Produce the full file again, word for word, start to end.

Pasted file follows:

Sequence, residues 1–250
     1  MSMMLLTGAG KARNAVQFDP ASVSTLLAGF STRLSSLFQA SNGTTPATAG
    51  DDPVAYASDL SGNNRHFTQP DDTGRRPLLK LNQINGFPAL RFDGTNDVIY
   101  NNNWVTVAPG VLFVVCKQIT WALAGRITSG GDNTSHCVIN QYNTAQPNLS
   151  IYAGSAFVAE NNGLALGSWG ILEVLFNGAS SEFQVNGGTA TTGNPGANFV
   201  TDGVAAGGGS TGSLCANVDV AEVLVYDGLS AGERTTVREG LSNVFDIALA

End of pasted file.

Sequence, residues 1–250
     1  MSMMLLTGAG KARNAVQFDP ASVSTLLAGF STRLSSLFQA SNGTTPATAG
    51  DDPVAYASDL SGNNRHFTQP DDTGRRPLLK LNQINGFPAL RFDGTNDVIY
   101  NNNWVTVAPG VLFVVCKQIT WALAGRITSG GDNTSHCVIN QYNTAQPNLS
   151  IYAGSAFVAE NNGLALGSWG ILEVLFNGAS SEFQVNGGTA TTGNPGANFV
   201  TDGVAAGGGS TGSLCANVDV AEVLVYDGLS AGERTTVREG LSNVFDIALA